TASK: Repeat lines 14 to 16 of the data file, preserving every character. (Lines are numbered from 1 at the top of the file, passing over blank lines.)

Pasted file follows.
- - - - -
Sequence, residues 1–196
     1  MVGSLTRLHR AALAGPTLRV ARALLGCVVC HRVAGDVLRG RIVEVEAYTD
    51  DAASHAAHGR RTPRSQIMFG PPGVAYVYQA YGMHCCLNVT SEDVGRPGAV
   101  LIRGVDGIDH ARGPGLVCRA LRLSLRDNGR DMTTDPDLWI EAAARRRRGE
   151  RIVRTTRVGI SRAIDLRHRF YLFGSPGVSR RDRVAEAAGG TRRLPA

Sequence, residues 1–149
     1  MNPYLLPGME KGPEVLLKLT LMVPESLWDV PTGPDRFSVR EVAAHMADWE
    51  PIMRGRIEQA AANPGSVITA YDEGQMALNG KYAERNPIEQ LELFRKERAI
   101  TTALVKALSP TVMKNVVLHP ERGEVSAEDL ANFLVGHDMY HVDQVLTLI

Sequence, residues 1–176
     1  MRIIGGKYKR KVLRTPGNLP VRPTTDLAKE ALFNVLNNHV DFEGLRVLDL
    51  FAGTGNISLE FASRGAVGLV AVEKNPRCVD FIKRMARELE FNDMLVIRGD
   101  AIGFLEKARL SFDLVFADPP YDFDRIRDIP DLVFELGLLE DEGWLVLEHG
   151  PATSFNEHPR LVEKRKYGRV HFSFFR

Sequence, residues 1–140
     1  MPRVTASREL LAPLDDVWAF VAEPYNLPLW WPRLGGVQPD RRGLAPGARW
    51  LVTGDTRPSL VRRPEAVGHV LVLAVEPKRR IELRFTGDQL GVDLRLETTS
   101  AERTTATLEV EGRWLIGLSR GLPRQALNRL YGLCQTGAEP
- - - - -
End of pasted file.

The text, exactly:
   151  PATSFNEHPR LVEKRKYGRV HFSFFR

Sequence, residues 1–140
     1  MPRVTASREL LAPLDDVWAF VAEPYNLPLW WPRLGGVQPD RRGLAPGARW